Salon.com Announces Partnership Deal Between MP3Lit.com And Random House

Deal Delivers Author Readings and Interviews on the Web


Salon Staff
June 30, 2000 4:14AM (UTC)

Salon.com (Nasdaq: SALN) (http://www.salon.com) today announced that its digital audio company, MP3Lit.com, Inc., has signed a deal with Random House's Bold Type (http://www.boldtype.com) to offer free MP3 and RealAudio clips from Bold Type's recordings of author readings and interviews. The first recording, Nathan Englander reading an excerpt from his acclaimed book "For the Relief of Unbearable Urges," goes live today at: http://www.mp3lit.com/boldtype .

Since 1997, Bold Type has served as an online forum for authors and readers. The site offers in-depth author interviews, excerpts from books as well as writer's original contributions. Authors featured on Bold Type include Margaret Atwood, Ha Jin, Robert Lowell, John Updike, Nathan Englander, Elizabeth McCracken, Jonathan Lethem, Richard Price, Jon Krakauer and dozens more.

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"Bold Type has consistently produced some of the most exciting and compelling literary audio on the Web," said Gary Hustwit, CEO of MP3Lit.com. "We look forward to introducing their content to the millions of MP3Lit and Salon users."

Says Larry Weissman, editor-in-chief of Bold Type and director of new business development for Random House, Inc., "Bold Type is delighted to partner with a company with the vision, technological savvy and the reach to get our unique readings to the right audience. MP3Lit and Salon are two of the premier sites for readers of new fiction, and we look forward to working with them to widen the awareness about Random House, Inc.'s literary works and their authors."

Future recordings will include National Book Award-winner Ha Jin reading from his novel "Waiting," Michael Paterniti reading from the forthcoming "Driving Mr. Albert," and recordings from Bret Easton Ellis, Aimee Bender, Vikram Seth and more.

About Bold Type: Bold Type (http://www.boldtype.com) is an online literary magazine of Random House, Inc. Random House, Inc. is the world's largest English-language general trade book publisher. The publishing divisions of Random House publish more than 3,500 new adult and children's titles annually in hardcover, trade paperback, mass market paperback, audio, and electronic formats in the U.S. Random House, Inc. is a unit of the Book Division of Bertelsmann AG, a leading international media company.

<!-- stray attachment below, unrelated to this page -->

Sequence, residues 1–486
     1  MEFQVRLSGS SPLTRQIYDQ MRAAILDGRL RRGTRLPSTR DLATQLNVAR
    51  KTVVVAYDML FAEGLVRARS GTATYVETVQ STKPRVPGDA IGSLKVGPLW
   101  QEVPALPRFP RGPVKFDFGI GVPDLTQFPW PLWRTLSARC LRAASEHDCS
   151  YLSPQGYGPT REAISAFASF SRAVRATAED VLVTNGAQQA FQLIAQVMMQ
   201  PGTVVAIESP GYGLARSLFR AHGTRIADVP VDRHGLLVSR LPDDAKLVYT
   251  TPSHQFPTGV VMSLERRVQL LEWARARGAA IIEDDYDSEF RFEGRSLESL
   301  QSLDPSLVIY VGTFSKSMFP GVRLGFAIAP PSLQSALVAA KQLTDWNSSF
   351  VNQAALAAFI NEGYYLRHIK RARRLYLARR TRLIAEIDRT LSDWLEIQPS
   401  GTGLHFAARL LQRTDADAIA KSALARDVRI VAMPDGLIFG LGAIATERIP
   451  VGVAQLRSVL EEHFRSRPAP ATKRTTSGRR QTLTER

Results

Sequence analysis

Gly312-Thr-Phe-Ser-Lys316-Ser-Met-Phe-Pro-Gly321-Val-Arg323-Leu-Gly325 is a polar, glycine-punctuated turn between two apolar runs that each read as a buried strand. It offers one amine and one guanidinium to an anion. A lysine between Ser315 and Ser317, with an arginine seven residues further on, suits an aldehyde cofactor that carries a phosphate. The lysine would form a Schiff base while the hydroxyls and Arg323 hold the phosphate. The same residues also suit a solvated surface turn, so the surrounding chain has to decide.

About MP3Lit.com: MP3Lit.com (http://www.mp3lit.com), was the first Web site focused solely on offering quality spoken word and audio literature in the MP3 format. The company, which was founded in August 1999 and acquired by Salon.com in May 2000, offers hundreds of recordings of short stories, novel excerpts, poems, essays, interviews and more in both MP3 and Real Audio formats -- all free to the consumer. The company has strategic partnerships with AOL's Spinner.com, RioPort.com, Real Networks and other Web sites, as well as Random House, Time Warner and HarperCollins.

About Salon.com: Salon.com ( http://www.salon.com ), founded in 1995 by David Talbot, is an Internet media company that produces a network of 12 award-winning, original content sites, maintains Salon Shop, an e-commerce gateway, and hosts two communities -- Table Talk and The WELL. In May 2000, Salon acquired MP3Lit.com, the pioneering Web site offering quality spoken word and audio literature recordings in MP3 and Real Audio formats. Salon.com currently has relationships with more than 325 advertisers including industry leaders such as IBM, Lexus, Microsoft, EDS, Virgin Megastore Online and Intel. In December 1999, Salon.com announced a content and equity agreement with Rainbow Media Holdings, Inc., a subsidiary of Cablevision Systems Corporation and NBC. Strategic distribution partners include Lycos, AltaVista, Reuters, CNN.com, and CNET as well as wireless innovators AvantGo and Rocket eBooks. Salon.com content is also syndicated to print publications through United Features Syndicate. The site had 3.7 million unique visitors in March 2000.

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SOURCE Salon.com


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